It was Senator Chuck Grassley (R-IA) who reminded the committee the “number one responsibility of Congress is to protect the homeland.”  (Statement of The Honorable Chuck Grassley, May 17, 2011)  He said that they “must not turn a blind eye to the realities of illegal activity that is seen every day along the southern and northern borders.”  (Id.

‘Secure’ Border Needs to Maintain National Guard Troops

As the Obama Administration continues to bring immigration issues to the forefront of the 2012 campaign, the Department of Homeland Security (DHS) announced it is petitioning Congress for the funds to keep 1,200 National Guard troops along the border until September of this year.  (The Hill, May 17, 2011)  “Congress appropriates funds for these types of missions, and DHS is requesting a reprogramming through the end of FY11,” said Matt Chandler, a spokesman for DHS. “National Guard support along the Southwest border remains in place.” (Id.)

The guardsmen have been stationed along the southwest border in California, Arizona, New Mexico and Texas since last July.  (Id.)   DHS says it hopes to train sufficient Customs and Border Protection (CBP) agents to eventually take over for the National Guard troops.  (Id.)  Captain Valentine Castillo with the National Guard stated that although DHS has made this request, guardsmen will begin a gradual withdrawal from the border as no action has been taken yet to ensure the troops remain in place.  (KVOA,  May 19, 2011)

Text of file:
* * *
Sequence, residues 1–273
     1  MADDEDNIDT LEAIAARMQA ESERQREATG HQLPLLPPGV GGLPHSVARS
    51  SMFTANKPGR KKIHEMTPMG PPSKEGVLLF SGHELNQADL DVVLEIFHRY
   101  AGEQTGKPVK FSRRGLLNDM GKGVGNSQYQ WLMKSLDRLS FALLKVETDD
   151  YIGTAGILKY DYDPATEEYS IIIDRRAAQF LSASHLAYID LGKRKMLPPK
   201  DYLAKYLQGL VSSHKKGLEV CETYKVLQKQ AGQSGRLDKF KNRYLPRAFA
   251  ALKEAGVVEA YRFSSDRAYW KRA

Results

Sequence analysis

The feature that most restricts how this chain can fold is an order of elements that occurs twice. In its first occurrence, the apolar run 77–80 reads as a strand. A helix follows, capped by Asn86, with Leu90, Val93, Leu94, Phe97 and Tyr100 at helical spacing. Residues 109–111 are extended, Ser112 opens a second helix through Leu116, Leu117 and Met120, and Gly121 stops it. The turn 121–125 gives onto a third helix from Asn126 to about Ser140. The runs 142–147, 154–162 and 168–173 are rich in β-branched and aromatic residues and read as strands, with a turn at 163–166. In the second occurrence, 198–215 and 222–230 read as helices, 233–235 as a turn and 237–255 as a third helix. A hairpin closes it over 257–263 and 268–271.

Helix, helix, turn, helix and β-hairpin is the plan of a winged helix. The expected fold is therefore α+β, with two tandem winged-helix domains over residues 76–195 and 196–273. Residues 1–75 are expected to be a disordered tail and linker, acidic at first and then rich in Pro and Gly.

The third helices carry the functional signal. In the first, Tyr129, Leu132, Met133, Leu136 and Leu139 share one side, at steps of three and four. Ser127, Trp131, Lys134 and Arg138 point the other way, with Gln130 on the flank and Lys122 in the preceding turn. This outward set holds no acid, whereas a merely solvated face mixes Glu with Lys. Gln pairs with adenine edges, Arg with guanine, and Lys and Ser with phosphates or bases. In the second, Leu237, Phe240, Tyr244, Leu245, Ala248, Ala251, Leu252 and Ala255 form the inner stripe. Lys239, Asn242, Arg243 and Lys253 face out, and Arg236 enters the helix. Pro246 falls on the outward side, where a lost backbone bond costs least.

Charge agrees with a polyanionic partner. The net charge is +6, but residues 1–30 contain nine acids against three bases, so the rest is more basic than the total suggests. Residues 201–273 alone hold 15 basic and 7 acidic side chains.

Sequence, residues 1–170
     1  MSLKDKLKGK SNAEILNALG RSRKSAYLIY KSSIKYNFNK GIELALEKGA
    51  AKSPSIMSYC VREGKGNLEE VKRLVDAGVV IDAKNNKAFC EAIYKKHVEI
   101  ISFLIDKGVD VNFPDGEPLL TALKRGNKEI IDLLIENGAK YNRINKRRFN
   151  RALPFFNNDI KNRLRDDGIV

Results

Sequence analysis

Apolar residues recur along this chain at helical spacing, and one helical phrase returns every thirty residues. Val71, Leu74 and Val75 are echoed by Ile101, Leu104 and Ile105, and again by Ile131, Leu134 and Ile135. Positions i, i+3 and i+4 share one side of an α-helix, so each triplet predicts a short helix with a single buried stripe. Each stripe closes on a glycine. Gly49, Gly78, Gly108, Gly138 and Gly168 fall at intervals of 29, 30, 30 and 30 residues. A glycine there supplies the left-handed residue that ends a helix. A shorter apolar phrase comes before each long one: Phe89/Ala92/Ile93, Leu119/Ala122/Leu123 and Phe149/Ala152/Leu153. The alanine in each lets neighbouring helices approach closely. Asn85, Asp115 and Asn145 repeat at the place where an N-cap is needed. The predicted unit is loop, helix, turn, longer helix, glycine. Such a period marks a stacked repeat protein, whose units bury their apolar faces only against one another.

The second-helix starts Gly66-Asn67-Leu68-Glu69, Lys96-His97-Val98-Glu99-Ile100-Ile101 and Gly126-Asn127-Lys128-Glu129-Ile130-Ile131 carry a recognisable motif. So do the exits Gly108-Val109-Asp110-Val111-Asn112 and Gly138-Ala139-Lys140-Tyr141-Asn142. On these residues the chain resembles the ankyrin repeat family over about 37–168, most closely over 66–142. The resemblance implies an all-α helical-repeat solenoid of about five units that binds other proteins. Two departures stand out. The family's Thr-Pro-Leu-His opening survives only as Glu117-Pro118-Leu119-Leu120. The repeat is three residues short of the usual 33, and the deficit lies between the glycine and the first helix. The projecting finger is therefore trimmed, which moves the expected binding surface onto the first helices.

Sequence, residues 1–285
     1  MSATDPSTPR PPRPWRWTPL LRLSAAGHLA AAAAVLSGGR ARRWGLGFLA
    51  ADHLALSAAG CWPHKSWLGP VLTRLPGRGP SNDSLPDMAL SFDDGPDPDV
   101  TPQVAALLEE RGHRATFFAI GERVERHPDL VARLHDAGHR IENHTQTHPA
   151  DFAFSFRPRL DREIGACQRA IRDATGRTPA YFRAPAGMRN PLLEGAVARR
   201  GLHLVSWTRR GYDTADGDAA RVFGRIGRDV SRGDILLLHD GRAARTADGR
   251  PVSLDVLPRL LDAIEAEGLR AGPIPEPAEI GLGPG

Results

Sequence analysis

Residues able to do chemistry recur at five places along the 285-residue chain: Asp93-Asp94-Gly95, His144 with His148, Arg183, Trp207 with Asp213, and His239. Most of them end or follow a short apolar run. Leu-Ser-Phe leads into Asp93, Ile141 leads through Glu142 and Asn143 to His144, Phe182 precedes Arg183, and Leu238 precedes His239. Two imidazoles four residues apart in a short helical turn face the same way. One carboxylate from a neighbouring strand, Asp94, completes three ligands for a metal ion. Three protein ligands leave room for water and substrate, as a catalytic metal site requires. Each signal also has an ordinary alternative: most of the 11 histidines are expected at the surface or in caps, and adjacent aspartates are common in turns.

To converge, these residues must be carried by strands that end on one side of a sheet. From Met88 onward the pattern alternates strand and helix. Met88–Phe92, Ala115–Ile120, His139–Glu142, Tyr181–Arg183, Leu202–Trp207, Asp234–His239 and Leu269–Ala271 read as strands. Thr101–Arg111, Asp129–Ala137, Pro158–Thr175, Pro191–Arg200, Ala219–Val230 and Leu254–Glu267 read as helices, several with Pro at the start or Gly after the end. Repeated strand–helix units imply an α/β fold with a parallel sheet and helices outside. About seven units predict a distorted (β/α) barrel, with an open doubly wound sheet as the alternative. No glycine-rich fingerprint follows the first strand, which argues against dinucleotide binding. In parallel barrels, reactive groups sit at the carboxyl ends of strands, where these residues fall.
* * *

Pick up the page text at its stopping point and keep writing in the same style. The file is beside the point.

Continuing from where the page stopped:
Texas Senate Committee Guts Anti-Sanctuary City Measure

In a startling maneuver, the Texas Senate Transportation and Homeland Security Committee on Wednesday gutted the anti-sanctuary city bill that had been moving through the Texas legislature. By a unanimous vote (8-0), the committee members stripped House Bill 12, which would have prohibited public officials from restricting the enforcement of federal immigration law, and replaced it with Senate Bill 9. SB 9 requires law enforcement agencies to participate in the Secure Communities Program, which Homeland Security says will already be mandatory in 2013 (Section 1).  It also requires proof of lawful presence in order to obtain a Texas driver’s license (Section 19). However, it does not contain a provision that prohibits sanctuary cities.  SB 9, which passed out of the Senate last month, had stalled in the House.

Sen. Juan Hinojosa (D-McAllen) proposed the change, which was allowed by Sen. Tom Williams (R-The Woodlands), the author of SB 9 and the committee chairman.  Rep. Burt Solomons (R-Carrollton), the author of the companion House bill, was “a little surprised” by the switch, according to the Texas Tribune.  The House had passed HB 12 by a vote of 100 to 47 on May 10.

The Associated Press reported that certain police chiefs –who are not elected, but appointed by mayors – claim that “enforcing this legislation would jeopardize public safety by ostracizing the local immigrant community and making them afraid to report crimes.” However, they provided no evidence to support this argument, an argument that is commonly used by those who support sanctuary cities. Moreover, HB 12 simply reiterates what is already prohibited under federal law.  Under 8 U.S.C. Sec. 1373 and 1644, no state or local government may prohibit state or local officials from sending information regarding the immigration status of any individual to federal authorities. 

Advocates for the original version of HB 12 have urged lawmakers to reinstate the anti-sanctuary city provisions within the text of SB 9. However, if Texas lawmakers are to save the anti-sanctuary city measure, they will need to act soon.  The 2011 session of the Texas Legislature is scheduled to adjourn on May 30.